McBROOM v. SCOTTISH MORTG. & LAND INV. CO. OF NEW MEXICO, Limited.
153 U.S. 318
14 S.Ct. 852
38 L.Ed. 729
SCOTTISH MORTG. & LAND INV. CO. OF NEW MEXICO, Limited.
March 5, 1894.
Frank Springer, for plaintiff in error.
Andrieus A. Jones and Eugene A. Fiske, for defendant in error.
[Argument of Counsel from pages 319-320 intentionally omitted]
Mr. Justice HARLAN delivered the opinion of the court.
The defendant in error, the Scottish Mortgage & Land Investment Company of New Mexico, Limited, is a private corporation organized under the laws of Great Britain for the purpose, among others, of lending money in this country on the security 'of real or heritable or of leasehold estate,' or 'of cattle, sheep, or other live stock, and movable goods and chattels.'
That company agreed to loan McBroom, the plaintiff in error, the sum of $65,000, payable six years after date, with interest at the rate of 12 per cent. per annum. As evidence of the loan, he executed and delivered his principal note for the above amount and six interest notes, one for $2,842.19, payable December 31, 1886, five for $7,800 each, payable, respectively, December 31, 1887, 1888, 1889, 1890, 1891, and 1892, and one for $4,965, payable August 20, 1892. These notes were secured by a deed of trust upon certain lands and by a chattel mortgage upon cattle, horses, and other personal property.
The amount so borrowed was paid to McBroom by the company in the latter part of September, 1886, and out of the sum received he paid to Dinkel, the company's agent in New Mexico, through whom the loan was negotiated, the sum of $6,500.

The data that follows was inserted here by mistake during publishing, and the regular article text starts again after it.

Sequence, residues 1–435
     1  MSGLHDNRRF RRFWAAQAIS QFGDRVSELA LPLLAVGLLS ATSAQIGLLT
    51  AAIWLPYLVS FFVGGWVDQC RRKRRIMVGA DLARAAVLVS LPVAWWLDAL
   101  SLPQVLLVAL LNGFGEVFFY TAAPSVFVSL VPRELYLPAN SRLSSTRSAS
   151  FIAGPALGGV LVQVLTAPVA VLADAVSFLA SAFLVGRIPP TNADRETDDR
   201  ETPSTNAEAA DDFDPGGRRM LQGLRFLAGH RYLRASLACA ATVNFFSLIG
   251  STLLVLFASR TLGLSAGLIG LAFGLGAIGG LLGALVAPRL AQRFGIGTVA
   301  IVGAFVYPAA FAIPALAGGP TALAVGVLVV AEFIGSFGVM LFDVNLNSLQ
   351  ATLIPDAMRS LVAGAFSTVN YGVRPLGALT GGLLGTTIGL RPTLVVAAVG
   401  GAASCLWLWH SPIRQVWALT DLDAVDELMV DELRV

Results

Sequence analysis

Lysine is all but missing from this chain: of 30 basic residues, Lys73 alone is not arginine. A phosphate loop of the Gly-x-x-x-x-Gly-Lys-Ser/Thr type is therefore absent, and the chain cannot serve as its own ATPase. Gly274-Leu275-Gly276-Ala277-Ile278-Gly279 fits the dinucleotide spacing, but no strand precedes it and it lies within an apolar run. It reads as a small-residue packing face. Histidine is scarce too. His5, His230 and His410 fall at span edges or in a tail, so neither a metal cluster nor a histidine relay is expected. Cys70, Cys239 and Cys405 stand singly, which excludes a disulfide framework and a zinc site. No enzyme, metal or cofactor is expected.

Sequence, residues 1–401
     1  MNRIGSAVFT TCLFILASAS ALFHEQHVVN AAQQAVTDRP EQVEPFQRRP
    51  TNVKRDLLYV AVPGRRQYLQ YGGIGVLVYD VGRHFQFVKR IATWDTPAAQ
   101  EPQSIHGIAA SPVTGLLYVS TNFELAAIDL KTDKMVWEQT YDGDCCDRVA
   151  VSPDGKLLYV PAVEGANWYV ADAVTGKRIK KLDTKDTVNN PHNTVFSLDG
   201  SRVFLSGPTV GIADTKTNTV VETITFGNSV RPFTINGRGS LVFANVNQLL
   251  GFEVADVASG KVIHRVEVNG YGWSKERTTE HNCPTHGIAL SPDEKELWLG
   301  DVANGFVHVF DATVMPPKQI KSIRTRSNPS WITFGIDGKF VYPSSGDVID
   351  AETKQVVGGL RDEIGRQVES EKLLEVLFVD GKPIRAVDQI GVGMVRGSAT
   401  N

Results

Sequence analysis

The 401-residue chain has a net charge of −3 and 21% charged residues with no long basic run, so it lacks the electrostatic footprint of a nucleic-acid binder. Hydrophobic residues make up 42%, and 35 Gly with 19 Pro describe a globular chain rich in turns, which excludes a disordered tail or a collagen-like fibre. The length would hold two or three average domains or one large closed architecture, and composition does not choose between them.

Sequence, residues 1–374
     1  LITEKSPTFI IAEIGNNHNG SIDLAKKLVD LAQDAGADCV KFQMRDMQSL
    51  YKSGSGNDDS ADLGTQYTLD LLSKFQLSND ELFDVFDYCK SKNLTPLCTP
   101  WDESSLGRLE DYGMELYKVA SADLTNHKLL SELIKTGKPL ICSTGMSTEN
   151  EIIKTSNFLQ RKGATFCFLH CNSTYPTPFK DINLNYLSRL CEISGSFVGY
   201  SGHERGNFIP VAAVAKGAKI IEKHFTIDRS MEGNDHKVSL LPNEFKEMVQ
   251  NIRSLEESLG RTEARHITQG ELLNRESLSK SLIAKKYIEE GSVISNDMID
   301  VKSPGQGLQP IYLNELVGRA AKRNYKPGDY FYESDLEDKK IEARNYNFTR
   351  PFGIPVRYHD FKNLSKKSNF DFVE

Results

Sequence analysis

McBroom's interest note for $2,842.19, falling due December 31, 1886, was paid by him at its maturity. Aside from the bonus of $6,500 received by the company's agent, no other payment on account of this debt has ever been made.
By the statutes of New Mexico, it is provided that 'in written contracts for the payment of money it shall not be legal to recover more than twelve per cent. interest per annum;' that 'any person, persons, or corporation who shall hereafter charge, collect, or receive from any person a higher rate of interest than twelve per cent. per annum shall be guilty of a misdemeanor, and upon conviction thereof before the district court or a justice of the peace shall be fined in a sum of not less than twenty-five dollars nor more than one hundred dollars; and such person, persons, or corporation shall forfeit to the person of whom such interest was collected or received, or to his executors, administrators, or assigns, double the amount so collected or received upon any action brought for the recovery of the same within three years after such cause of action accrued;' and that 'the provisions of this act shall also apply to any person, persons, corporation, or officer of the same who may charge, receive, or collect a higher rate of interest than twelve per cent. per annum by means of discount, commission, agency, or any other subterfuge.' Act April 3, 1884 (Sess. Laws N. M. 1884, c. 80); Comp. Laws N. M. 1884, §§ 1736-1738.